So let's catch up a little. I had my 2 wk follow up with Doc on Wed and got my stitches out. I was ready to be done with them as a result of the knots growing into my skin. It's always fun to have suture knots dug out of a fresh surgical wound. I'm healing good and everything is going as expected with the exception of some nerve irritation and severe pain near the top incision. He had to free this nerve up during surgery and move it around a little so we are hoping the pain I'm having with that will settle down with time and therapy. It's not so fun right now as it keeps me up at night and is a constant "funny bone hit" sort of feeling, so I pray Doc is right and I'm trying not to stress out about it too much. Worry won't help me get better, but it's hard not to since I can't imagine anything worse right now then needing that nerve fixed too. But I have to trust one of the best guys... I'm sure he knows what he's talking about.

Other than that, I was given clearance to get going on the trainer in the cast. I was really happy about that and I have been on the trainer a few times since then. Even though I wouldn't call it a work out, it was nice to be able to just do something. I had my first "pain free" ride yesterday and as a result, I can ride in a tennis shoe next Wednesday if I keep that up. I won't be riding outside for at least another month, but I'm not too bummed about that right now since the weather is pretty chilly these days. Or at least that's what I'm telling myself to feel better about it.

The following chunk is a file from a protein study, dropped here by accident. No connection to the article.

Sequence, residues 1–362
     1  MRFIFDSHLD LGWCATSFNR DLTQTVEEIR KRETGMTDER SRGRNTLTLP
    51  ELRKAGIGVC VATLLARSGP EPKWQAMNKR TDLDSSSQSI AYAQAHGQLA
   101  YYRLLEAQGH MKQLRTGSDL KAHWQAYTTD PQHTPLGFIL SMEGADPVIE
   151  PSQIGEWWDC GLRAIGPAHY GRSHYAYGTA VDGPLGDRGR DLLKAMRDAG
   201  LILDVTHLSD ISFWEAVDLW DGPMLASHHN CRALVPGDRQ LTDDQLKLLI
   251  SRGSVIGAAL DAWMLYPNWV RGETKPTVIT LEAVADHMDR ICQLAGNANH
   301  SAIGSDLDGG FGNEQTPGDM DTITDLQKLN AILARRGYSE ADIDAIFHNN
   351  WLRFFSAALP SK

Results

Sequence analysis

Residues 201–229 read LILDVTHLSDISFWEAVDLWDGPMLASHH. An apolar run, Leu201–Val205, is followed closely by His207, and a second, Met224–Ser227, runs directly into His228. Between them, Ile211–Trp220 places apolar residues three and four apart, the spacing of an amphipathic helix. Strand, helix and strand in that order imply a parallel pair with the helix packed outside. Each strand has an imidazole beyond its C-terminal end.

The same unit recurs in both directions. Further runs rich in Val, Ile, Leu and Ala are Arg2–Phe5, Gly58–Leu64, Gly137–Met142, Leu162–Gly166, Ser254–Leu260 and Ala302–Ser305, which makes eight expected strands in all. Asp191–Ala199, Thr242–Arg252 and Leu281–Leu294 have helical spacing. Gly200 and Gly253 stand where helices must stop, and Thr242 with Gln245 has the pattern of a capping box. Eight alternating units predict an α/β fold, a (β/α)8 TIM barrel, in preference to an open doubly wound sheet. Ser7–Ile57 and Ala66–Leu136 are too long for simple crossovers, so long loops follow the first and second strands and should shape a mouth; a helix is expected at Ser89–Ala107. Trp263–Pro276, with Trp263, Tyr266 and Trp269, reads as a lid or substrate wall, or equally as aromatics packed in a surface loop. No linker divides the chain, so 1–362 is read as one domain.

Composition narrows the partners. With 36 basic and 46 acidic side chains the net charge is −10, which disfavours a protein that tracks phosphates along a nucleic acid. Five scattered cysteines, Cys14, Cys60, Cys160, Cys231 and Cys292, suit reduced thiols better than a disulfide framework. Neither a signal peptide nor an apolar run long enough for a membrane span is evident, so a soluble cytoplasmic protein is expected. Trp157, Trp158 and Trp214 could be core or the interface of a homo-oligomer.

(I don't mind riding the trainer for now... unless I was able to ride here in NC)

I know I've said it before, but I really hate surgery. It brings on some pretty dark times in a lot of different ways. Everything has been a blur the past couple weeks and even though it's only been 2 weeks, the passing time has felt twice as long. Surgery is painful, it make a person feel worthless, cause a loss of income, brings on stresses with employers, and makes a person like me dependent... among other things. However, it also makes a person reflect and really learn to appreciate everything they do have in everyday life. Its similar to a bonk situation or a long, tough ride all be yourself. A lot of self inspection takes place. It also helps you see how thoughtless some people can be, but also how really special some people are to you. I've seen both sides of the coin and that will help me be a better person to others in my personal and professional life, which will help me fulfill His calling for me. It also helps remind me of everything else I have been blessed with, which would be way too long for blog post. I've had some bad luck with my physical shell, but in every other regard, I'm a very lucky girl.